Saturday, October 1, 2011

Putting It All Together

One thing history shows us is that there have been people who have risen up to make a remarkable impact with their ability to think about things and then to put them all together.

A lot of philosophers and theologians and scientists and many others have tackled the big questions in an attempt to put it all together—as if they were saying, “Here is what it’s all about.”

In October our thoughts turn toward the Reformation. In the time of the Reformation there was a little thing Martin Luther did that in a sense is the thing that puts it all together.

In the early stages of the Reformation one of the things Luther did was to write a catechism. The important thing was not so much in writing it but in attempting to get into the hands of every person a simple thing that is at the same time both simple as well as profound.

Luther didn’t decide one day to write a catechism. What he realized was that the Catechism was being ignored. This was part of the problem in the Church and one of the reasons why there needed to be a reformation.

The Catechism had been part of the Christian Church for centuries and consisted of The Ten Commandments, the Creed, and the Lord’s Prayer. Since most Christians, including pastors, were woefully ignorant of those core texts of the Christian faith, Luther realized it wasn’t enough just to get them into the hands of people. They needed some guidance.

Thus the famous ‘explanations’ or ‘meanings’ were born that those who have been confirmed in the Lutheran Church will recognize as beginning with “What does this mean?” So Luther didn’t actually write the Catechism, the Church did (except for the Lord’s Prayer, of course—Jesus Himself came up with that one). Luther wrote the ‘meanings’ and coupled them with each portion of the texts of the Catechism.

What we have now, those three core texts (Commandments, Creed, Lord’s Prayer), along with their meanings, as well as the texts and meanings of Baptism, Confession and Absolution, and the Lord’s Supper (and additionally Daily Prayers, Table of Duties, and Preparation for the Lord’s Supper), is what we now refer to as Luther’s Small Catechism.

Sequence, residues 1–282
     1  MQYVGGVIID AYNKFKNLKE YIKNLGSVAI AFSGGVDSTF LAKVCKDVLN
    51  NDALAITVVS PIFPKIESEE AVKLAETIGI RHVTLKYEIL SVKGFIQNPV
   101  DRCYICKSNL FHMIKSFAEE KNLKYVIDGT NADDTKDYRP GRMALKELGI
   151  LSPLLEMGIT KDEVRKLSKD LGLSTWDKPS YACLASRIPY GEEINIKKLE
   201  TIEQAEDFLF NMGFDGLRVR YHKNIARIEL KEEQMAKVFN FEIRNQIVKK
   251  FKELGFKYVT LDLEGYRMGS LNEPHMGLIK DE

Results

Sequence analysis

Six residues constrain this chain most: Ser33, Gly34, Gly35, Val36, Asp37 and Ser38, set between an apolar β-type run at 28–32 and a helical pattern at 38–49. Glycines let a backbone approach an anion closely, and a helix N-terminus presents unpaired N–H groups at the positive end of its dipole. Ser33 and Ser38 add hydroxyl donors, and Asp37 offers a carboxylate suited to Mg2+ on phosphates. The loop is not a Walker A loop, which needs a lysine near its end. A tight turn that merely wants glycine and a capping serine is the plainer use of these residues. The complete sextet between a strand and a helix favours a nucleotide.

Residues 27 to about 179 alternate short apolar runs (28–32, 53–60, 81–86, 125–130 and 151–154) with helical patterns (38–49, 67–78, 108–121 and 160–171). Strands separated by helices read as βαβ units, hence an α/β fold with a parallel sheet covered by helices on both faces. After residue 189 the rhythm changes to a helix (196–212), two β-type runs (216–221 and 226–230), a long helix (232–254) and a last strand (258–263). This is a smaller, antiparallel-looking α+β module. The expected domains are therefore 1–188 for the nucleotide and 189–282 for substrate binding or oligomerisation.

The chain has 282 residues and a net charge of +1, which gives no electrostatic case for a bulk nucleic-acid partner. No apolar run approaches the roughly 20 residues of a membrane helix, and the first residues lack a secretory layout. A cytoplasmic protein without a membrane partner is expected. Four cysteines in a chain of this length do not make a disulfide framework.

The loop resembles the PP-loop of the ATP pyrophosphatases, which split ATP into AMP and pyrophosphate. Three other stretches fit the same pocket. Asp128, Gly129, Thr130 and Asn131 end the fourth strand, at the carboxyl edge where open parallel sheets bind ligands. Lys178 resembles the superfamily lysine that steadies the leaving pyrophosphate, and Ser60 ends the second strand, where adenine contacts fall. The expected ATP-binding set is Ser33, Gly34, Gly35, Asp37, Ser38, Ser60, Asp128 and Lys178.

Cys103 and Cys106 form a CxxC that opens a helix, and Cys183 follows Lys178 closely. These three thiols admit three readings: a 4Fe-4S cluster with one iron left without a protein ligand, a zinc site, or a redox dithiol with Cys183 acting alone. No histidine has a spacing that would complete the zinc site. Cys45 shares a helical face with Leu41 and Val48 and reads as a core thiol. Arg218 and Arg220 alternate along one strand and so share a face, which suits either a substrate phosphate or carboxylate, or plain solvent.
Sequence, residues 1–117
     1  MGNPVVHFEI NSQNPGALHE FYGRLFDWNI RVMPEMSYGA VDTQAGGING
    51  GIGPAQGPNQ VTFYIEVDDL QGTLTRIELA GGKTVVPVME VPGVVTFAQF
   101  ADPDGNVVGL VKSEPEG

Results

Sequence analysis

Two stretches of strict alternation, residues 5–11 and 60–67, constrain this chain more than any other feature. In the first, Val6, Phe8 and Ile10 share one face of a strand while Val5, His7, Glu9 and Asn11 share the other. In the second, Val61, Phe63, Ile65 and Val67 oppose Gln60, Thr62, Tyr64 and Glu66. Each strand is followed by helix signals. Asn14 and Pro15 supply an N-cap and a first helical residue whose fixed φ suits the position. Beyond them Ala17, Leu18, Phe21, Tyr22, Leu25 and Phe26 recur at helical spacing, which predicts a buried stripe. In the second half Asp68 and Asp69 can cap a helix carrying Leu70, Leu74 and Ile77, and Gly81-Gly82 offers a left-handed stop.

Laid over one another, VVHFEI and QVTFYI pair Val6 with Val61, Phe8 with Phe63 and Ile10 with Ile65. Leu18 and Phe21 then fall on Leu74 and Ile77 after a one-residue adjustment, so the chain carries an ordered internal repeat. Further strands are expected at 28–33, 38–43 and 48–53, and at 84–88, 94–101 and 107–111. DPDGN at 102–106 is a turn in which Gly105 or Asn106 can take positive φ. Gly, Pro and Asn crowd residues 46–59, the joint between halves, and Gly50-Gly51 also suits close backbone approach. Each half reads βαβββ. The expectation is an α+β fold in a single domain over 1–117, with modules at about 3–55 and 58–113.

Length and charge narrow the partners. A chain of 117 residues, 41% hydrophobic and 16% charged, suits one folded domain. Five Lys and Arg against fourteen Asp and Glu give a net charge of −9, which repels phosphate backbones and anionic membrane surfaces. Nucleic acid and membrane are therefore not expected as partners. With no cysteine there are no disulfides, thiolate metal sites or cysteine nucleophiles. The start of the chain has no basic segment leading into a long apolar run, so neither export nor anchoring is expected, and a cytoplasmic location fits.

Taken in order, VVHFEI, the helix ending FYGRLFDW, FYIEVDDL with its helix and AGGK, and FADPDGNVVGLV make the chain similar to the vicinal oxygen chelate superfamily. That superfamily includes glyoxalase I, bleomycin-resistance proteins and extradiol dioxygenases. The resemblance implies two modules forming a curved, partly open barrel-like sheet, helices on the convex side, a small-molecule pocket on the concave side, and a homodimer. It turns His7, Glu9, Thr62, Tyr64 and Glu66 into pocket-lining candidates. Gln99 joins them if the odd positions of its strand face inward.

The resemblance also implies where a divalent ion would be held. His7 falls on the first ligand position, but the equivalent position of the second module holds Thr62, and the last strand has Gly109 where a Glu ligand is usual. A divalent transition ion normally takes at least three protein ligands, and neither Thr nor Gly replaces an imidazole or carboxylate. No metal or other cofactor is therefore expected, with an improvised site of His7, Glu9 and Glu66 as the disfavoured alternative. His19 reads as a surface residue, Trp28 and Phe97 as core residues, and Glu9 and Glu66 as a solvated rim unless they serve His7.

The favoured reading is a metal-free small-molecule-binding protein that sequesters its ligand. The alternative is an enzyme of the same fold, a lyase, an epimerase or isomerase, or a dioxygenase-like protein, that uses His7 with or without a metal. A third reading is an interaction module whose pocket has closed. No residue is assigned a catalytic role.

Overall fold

But really it’s not Luther’s at all. It is in the Book of Concord and therefore one of the confessions of faith of the Lutheran Church. What it really is is a little document that puts it all together.

What it is is a little confession of faith that says it all. What it is is a little book that is our guide throughout our lives. What it is is a little summary of the Scriptures and the Christian faith that can never be exhausted, no matter how great of a thinker you are or strong of a Christian you are.

As Luther himself said in his preface to the Large Catechism (and that is one of my favorite quotes), “As for myself, let me say that I, too, am a doctor and a preacher—yes, and as learned and experienced as any of those who act so high and mighty. Yet I do as a child who is being taught the Catechism. Every morning, and whenever else I have time, I read and recite word for word the Lord’s Prayer, the Ten Commandments, the Creed, the Psalms, etc. I must still read and study the Catechism daily, yet I cannot master it as I wish, but must remain a child and pupil of the Catechism, and I do it gladly.”

May we gladly remain a child and student of the Catechism and meditate on and pray this thing that puts it all together; that thing which instills in us faith and strengthens us in faith in our Lord, who suffered, died, and rose for us and for our salvation.

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